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Authors: Rebecca Shaw

Whispers in the Village

BOOK: Whispers in the Village
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‘Turnham Malpas rectory. Anna Sanderson speaking.’

‘Anna! Good morning. Craddock Fitch here. I’ve just heard some gossip about you and I think you ought to know. They’re saying in the village that Paddy Cleary is living with you. I mean really living, as in live-in lover.’ He left a pause, didn’t get an answer, so continued, ‘It needs scotching straight away, it’s very damaging gossip. Don’t know how, but scotch it otherwise it’ll be at the Abbey before nightfall, and the balloon will go up.’ Still no reply. ‘It’s not true, obviously, but it still needs dealing with, as of now. Good morning to you. Sorry to be giving you such bad news.’

Anna put down the receiver, sick at heart.

Rebecca Shaw is a former school teacher and the bestselling author of many novels. She lives with her husband in a beautiful Dorset village where she finds plenty of inspiration for her stories about rural life. She has four children and eight grandchildren.
 

Educated at a co-educational Quaker boarding school, Rebecca Shaw went on to qualify as a teacher of deaf children. After her marriage, she spent the ensuing years enjoying bringing up her family. The departure of the last of her four children to university has given her the time and opportunity to write.
Whispers in the Village
is the latest in the highly popular Tales from Turnham Malpas series. Visit her website at
www.rebeccashaw.co.uk
.

By Rebecca Shaw
TALES FROM TURNHAM MALPAS
The New Rector
Talk of the Village
Village Matters
The Village Show
Village Secrets
Scandal in the Village
Village Gossip
Trouble in the Village
A Village Dilemma
Intrigue in the Village
Whispers in the Village
THE BARLEYBRIDGE SERIES
A Country Affair
Country Wives
Country Lovers
Country Passions
Whis
pers in the V
illage
 

Rebecca Shaw

Contents
 

Cover

Title

About the Author

By Rebecca Shaw

Inhabitants of Turnham Malpas

Map

Chapter 1

Chapter 2

Chapter 3

Chapter 4

Chapter 5

Chapter 6

Chapter 7

Chapter 8

Chapter 9

Chapter 10

Chapter 11

Chapter 12

Chapter 13

Chapter 14

Chapter 15

Chapter 16

Chapter 17

Chapter 18

Chapter 19

Chapter 20

Copyright

INHABITANTS OF TURNHAM MALPAS

 

 

Willie Biggs

Retired verger

Sylvia Biggs

His wife and housekeeper at the Rectory

Sir Ronald Bissett

Retired Trade Union leader

Lady Sheila Bissett

His wife

James ( Jimbo) Charter- Plackett

Owner of the Village Store

Harriet Charter-Plackett

His wife

Fergus, Finlay, Flick and Fran

Their children

Katherine Charter-Plackett

Jimbo’s mother

Alan Crimble

Barman at the Royal Oak

Linda Crimble

His wife

Lewis Crimble

Their son

H. Craddock Fitch

Owner of Turnham House

Kate Fitch

Village school headteacher

Maggie Dobbs

School caretaker

Jimmy Glover

Taxi driver

Mrs Jones

A village gossip

Vince Jones

Her husband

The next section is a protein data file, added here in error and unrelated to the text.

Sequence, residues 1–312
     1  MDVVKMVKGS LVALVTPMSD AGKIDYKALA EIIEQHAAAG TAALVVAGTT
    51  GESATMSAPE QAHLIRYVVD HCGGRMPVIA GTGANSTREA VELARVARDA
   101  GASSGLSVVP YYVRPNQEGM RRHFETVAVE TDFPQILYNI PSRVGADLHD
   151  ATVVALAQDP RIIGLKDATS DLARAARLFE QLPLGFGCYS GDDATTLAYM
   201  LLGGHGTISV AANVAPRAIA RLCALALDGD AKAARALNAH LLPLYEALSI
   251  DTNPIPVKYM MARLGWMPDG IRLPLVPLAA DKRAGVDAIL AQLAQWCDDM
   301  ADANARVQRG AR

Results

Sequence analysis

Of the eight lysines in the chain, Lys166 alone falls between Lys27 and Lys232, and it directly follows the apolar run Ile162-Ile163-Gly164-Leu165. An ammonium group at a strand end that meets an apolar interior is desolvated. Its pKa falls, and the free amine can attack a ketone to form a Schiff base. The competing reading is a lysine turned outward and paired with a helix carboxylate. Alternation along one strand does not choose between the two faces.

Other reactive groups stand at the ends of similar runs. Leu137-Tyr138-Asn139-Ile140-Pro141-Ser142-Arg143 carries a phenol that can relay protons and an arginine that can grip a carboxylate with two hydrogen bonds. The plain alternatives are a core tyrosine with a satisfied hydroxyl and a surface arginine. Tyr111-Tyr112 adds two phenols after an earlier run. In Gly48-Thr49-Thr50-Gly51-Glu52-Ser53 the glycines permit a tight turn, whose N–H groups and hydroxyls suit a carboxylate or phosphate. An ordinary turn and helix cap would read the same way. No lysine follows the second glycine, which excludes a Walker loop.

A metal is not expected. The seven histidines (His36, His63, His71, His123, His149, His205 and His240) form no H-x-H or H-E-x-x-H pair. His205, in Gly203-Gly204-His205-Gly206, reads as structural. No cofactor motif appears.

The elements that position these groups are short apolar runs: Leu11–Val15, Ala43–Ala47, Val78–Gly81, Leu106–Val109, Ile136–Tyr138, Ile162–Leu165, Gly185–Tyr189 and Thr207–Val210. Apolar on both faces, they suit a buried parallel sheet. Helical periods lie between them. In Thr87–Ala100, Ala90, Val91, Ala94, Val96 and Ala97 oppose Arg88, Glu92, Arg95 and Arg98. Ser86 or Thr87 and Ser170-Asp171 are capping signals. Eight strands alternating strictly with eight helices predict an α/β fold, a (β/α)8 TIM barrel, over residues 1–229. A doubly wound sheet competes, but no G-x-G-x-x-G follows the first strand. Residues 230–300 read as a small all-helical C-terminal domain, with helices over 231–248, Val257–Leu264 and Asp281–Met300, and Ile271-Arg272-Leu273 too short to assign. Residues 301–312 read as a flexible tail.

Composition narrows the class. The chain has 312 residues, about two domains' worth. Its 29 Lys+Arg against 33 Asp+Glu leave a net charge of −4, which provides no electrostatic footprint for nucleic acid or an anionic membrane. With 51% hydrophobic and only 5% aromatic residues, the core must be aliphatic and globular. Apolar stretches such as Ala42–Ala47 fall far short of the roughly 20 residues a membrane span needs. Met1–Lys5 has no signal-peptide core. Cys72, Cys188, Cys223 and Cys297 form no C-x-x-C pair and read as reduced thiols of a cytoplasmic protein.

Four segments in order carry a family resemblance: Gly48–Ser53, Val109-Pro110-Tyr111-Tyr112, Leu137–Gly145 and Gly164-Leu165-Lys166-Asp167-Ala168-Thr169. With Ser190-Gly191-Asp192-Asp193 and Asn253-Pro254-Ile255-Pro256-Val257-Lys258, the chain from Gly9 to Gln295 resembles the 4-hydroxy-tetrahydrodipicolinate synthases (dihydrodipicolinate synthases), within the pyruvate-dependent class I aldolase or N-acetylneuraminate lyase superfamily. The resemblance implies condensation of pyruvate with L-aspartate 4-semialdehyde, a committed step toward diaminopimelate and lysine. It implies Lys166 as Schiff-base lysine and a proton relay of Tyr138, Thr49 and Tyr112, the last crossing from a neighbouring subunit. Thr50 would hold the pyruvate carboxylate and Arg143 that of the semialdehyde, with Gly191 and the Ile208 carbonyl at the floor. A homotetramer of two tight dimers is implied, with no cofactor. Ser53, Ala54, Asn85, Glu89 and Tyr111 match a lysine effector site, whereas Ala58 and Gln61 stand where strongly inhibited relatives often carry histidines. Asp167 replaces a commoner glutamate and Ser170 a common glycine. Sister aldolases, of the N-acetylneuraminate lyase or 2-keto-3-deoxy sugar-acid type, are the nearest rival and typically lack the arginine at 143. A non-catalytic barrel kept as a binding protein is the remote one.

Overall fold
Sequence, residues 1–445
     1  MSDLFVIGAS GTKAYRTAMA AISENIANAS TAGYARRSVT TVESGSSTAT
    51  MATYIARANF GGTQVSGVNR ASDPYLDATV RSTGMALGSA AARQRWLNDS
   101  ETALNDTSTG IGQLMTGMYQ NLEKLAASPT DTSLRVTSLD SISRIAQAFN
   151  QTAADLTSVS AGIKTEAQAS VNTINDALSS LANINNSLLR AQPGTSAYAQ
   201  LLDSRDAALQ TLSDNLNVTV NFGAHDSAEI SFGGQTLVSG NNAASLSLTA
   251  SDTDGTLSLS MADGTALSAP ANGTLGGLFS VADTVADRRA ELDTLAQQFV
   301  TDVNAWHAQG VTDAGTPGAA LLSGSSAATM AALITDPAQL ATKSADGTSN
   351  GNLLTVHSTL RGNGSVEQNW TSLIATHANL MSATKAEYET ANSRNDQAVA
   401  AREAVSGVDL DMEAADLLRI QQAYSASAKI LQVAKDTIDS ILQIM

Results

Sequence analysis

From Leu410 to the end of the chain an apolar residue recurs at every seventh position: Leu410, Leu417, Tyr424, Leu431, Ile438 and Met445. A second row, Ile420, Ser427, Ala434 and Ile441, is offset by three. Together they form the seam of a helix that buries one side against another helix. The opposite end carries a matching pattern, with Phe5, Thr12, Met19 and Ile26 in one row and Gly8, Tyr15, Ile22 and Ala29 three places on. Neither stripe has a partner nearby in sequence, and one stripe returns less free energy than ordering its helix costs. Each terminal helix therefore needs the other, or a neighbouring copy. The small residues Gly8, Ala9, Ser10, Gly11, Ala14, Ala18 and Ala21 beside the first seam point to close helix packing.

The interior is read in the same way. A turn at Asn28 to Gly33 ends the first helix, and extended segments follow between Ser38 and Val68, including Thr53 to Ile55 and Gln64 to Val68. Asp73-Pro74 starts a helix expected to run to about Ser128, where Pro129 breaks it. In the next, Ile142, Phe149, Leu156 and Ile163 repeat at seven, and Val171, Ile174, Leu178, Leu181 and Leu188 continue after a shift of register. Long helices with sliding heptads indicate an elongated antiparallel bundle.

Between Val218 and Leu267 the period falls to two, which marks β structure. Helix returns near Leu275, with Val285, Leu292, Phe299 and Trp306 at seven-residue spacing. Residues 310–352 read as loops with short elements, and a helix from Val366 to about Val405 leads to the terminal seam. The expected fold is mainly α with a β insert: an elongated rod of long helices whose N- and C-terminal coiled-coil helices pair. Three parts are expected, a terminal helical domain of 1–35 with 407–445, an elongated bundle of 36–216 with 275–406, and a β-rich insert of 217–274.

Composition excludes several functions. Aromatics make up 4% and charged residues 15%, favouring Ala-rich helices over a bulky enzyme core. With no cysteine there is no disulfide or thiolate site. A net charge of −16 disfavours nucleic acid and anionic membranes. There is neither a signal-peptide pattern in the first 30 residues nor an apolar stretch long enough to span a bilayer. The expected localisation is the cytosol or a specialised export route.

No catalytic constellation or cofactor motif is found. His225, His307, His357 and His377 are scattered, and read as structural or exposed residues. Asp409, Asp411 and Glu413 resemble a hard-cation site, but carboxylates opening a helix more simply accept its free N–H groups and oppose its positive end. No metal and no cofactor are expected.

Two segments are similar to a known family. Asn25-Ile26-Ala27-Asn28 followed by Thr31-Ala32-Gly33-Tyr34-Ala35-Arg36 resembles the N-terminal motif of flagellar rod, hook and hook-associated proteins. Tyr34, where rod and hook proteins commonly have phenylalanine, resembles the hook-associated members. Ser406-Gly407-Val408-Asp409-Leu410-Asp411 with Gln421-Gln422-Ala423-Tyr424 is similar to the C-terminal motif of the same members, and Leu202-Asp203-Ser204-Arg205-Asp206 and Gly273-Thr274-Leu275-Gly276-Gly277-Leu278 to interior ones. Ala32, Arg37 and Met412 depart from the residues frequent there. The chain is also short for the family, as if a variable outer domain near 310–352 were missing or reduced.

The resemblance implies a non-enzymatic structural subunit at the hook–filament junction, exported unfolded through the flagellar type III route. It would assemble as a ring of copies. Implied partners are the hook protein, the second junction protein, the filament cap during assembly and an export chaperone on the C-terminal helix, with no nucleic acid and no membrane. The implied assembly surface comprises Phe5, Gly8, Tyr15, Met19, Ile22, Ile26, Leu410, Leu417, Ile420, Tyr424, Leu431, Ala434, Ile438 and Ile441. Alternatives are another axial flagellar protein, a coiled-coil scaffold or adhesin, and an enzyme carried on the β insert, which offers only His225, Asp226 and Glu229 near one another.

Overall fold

Barry Jones

Her son and estate carpenter

Pat Jones

Barry’s wife

Dean and Michelle

Barry and Pat’s children

Revd Peter Harris MA (Oxon)

Rector of the parish

Dr Caroline Harris

His wife

Alex and Beth

Their children

Jeremy Mayer

Manager at Turnham House

Venetia Mayer

His wife

Neville Neal

Accountant and church treasurer

Liz Neal

His wife

Guy and Hugh

Their children

Tom Nicholls

Assistant in the Store

Evie Nicholls

His wife

Anne Parkin

Retired secretary

Jenny Sweetapple

Complementary medicine practitioner

Sir Ralph Templeton

Retired from the diplomatic service

Lady Muriel Templeton

His wife

Andy Moorhouse

Social Worker

Dicky & Georgie Tutt

Licensees at the Royal Oak

Bel Tutt

Assistant in the Village Store

Don Wright

Maintenance engineer (now retired)

Vera Wright

Cleaner at the nursing home in Penny Fawcett

Rhett Wright

Their grandson

 
Chapter 1
 

So, now they’d all got over saying
au revoir
to Peter, Caroline and the twins, and the rectory had stood empty and abandoned for a week, there were lights on once more. Some of the villagers had caught a glimpse now and then of her emptying the van she’d hired to transport her belongings and they had introduced themselves, but tonight everyone was going to a ‘get-to-know-you’ party in the church hall.

It had been a serious shock when they found out their locum rector was a woman. A
woman
! They’d narrowly escaped having their own railway station, tolerated the coming of the wireless, then the telephone poles and TV, they’d embraced computers, mobile phones – and a blessed nuisance they were on the Saturday shopping bus – and digital this and DVD that, but a woman rector! This was one step too far.

‘She’ll have to be blinking good to replace Peter,’ someone could be overheard saying in the pub, at the table nearest the bar.

But then someone else added, ‘No one living could replace Peter. He was one in a million. And so was Caroline.’

Sylvia Biggs dabbed at her eyes and sniffed loudly. ‘Well, there’s one thing certain: I shall miss them. I’ve worked at the rectory since the twins first came home from the hospital; they’re like my own grandchildren, and I’m worried to death. All that heat and them nasty crawly things. They could catch anything in a blasted hot place like Africa.’

BOOK: Whispers in the Village
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